2012-2013 Music, Media & Culture Lecture Series
The Canada Research Chair in Ethnomusicology, in conjunction with the School of Music and the Department of Folklore, inaugurated this interdisciplinary lecture series in 2002-2003.
Distinguished scholars from the academic community are featured in a series of presentations regarding historical and contemporary musical practices. Members of the general public, as well as the university community, are cordially invited.
All lectures take place at 7:30pm in the MMaP gallery, located on the second floor of the Arts and Culture Centre, on the corner of Prince Philip Drive and Allandale Road.
Dr. Benjamin Brinner
(University of California - Berkeley)
Perspectives on the "Inter" in Intercultural:
Israeli/Arab/Palestinian/Jewish Musical Collaborations
Drawing on and extending the analyses in his recent book Playing Across a Divide:
Israeli-Palestinian Musical Encounters, Ben Brinner will speak about the understandings that musicians create in joint musical explorations that venture into terrain that has no clear cultural underpinning, yet is enmeshed in several socio-cultural worlds. These worlds differ in their assumptions about music, aesthetics, professionalism, and the political uses of art. How then do musicians working together on intercultural projects navigate these differences? Where are their obstacles and points of friction? What are the synergies that emerge from their collaborations? Focusing on the Bustan Quartet and its precursor, Bustan Abraham, this lecture follows a twenty-year arc in the lives of some of Israel's leading creators and performers of "world music."
Dr. Sherry Johnson
"Dancing from the Heart":
Interpreting Music in Ottawa Valley Step Dancing
Donnie Gilchrist (1925-1984), known as the father of Ottawa Valley step dancing, was renowned for his ability to interpret music. When dancing solo, he never performed formalized "steps," but improvised movements in relation to the music; one of his former students calls it "dancing from the heart." By contrast, many of today's young Ottawa Valley step dancers are criticized for not dancing to their fiddlers' music. While blatant timing errors are seldom a problem, even some dancers who compete at the highest levels are admonished for a lack of internal feel for musical rhythm. At one level, this has to do with how steps are structured in relation to the structure of fiddle tunes. More recently, however, there has been renewed interest in matching the rhythm of particular fiddle tunes kinaesthetically. In this presentation Sherry Johnson examines how two renowned Ottawa Valley step dancers - Donnie Gilchrist and Nathan Pilatzke (b. 1970) - use structural and rhythmic elements to interpret fiddle tunes. She contextualizes this analysis with an overview of the changing relationship between step dancing and fiddle music in central Canada's Ottawa Valley tradition.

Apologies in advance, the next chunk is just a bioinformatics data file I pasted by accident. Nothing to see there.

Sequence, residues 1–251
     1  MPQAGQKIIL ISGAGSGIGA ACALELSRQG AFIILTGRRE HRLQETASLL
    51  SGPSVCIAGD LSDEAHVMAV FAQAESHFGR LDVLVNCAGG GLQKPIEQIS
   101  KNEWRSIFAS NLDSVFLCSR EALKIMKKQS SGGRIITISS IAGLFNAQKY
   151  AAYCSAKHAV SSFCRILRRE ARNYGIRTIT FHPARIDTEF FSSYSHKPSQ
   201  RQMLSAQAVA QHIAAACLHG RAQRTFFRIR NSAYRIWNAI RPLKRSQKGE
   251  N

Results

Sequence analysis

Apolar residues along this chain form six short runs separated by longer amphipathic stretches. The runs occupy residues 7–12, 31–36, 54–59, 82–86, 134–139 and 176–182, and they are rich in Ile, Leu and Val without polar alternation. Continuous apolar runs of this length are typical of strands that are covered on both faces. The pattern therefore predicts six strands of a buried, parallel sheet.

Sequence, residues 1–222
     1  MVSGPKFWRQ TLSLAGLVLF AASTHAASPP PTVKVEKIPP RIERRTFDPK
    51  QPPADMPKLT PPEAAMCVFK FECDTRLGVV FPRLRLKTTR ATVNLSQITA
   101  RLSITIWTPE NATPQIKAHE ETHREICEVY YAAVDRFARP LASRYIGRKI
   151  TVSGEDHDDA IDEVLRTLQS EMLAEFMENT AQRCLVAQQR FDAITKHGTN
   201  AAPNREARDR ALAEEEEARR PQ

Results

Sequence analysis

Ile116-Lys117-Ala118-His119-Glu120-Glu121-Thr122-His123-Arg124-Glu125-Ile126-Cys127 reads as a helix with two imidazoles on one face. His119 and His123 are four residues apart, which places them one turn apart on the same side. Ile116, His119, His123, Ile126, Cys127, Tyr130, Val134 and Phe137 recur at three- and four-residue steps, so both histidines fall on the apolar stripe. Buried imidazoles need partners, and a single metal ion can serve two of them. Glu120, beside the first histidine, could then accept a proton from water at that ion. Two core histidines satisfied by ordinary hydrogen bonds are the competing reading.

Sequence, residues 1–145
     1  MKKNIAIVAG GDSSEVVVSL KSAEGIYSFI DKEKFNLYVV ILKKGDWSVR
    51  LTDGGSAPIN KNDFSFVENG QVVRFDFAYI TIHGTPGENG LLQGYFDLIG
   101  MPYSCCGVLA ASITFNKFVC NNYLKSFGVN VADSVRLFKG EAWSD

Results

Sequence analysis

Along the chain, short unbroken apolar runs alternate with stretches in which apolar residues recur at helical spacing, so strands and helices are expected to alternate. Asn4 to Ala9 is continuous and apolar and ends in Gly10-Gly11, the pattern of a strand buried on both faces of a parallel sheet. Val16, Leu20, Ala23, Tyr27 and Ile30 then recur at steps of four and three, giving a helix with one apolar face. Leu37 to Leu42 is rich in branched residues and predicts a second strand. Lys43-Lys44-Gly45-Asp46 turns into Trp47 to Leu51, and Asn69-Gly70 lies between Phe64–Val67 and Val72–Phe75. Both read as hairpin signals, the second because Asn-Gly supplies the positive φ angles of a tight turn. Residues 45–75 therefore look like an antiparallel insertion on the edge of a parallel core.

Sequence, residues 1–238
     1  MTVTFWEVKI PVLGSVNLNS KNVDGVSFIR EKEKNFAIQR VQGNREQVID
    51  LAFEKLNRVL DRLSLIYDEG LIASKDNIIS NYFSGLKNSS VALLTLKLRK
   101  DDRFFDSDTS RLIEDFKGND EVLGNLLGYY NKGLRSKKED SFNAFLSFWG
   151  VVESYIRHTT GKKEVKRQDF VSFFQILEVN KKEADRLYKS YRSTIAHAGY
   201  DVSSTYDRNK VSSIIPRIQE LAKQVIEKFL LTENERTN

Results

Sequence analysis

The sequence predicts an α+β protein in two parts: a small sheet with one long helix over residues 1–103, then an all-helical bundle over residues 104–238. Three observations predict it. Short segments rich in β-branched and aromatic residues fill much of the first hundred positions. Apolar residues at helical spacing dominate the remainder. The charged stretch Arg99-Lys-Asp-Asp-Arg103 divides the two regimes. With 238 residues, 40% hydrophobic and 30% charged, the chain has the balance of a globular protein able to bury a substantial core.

Dr. Meghan Forsyth
Creative Currents: Innovation and Tradition in Island Acadian Music
From new compositions to stylistic flexibility, innovation has emerged as a defining element of contemporary Island Acadian musical traditions on and off the public stage. But old and new forms of musical expression hang in a delicate balance, at one and the same time lauded and contested. Drawing on examples from Prince Edward Island and les Îles-de-la-Madeleine, Meghan Forsyth considers the social and artistic value placed on innovation in contemporary fiddling and francophone song traditions. She posits that global influences and local discourses about tradition and creativity inform how Acadian music is presented locally and to cultural outsiders, such as tourists and festival organizers, and how it reflects musicians' connections to and expressions of historical memory.
Dr. Sean Williams
(Evergreen State College)
Crossing the Divide: Hinduism and Islam in Sundanese Music
The Sundanese people of West Java, Indonesia are known in that nation as conservative Muslims. Yet their musical forms (over two hundred genres) defy that label; many of the main genres lean heavily on Hindu and animist stories, traditions, and musical materials. In the genre of tembang Sunda - the most aristocratic of any genre in the region - a combination of influences from different eras in Sundanese history connect contemporary Muslim musicians and audience members with their Hindu and animist past. Comprising a large zither, small zither, bamboo flute, and singer, the tembang Sunda ensemble is intended for an intimate audience of insiders. They know the words, they understand the context, and most of them are singers or musicians themselves. Because tembang Sunda is considered a powerful link to the rural past, the urban Islamic conservatism of its audience is suspended during an evening's performance. This sense of simultaneous suspension and engagement creates a type of sacred space that lasts for most of the night. This talk will feature two songs; one explicitly Hindu in content, and another specifically Muslim. By examining the two songs in context, Sean Williams will explore the ways in which the music can transcend boundaries of space, time, and religion.